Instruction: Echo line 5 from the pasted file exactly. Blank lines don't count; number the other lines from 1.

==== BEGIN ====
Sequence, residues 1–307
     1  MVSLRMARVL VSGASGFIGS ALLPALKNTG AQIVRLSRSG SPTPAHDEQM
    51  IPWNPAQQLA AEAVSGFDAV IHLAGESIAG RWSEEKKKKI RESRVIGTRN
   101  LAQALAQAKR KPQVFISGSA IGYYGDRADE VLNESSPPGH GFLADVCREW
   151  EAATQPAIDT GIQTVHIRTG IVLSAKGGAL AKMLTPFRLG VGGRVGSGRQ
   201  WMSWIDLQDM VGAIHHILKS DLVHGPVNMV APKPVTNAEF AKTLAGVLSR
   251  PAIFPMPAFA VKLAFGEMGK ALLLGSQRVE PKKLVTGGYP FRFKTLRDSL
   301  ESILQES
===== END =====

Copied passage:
   151  EAATQPAIDT GIQTVHIRTG IVLSAKGGAL AKMLTPFRLG VGGRVGSGRQ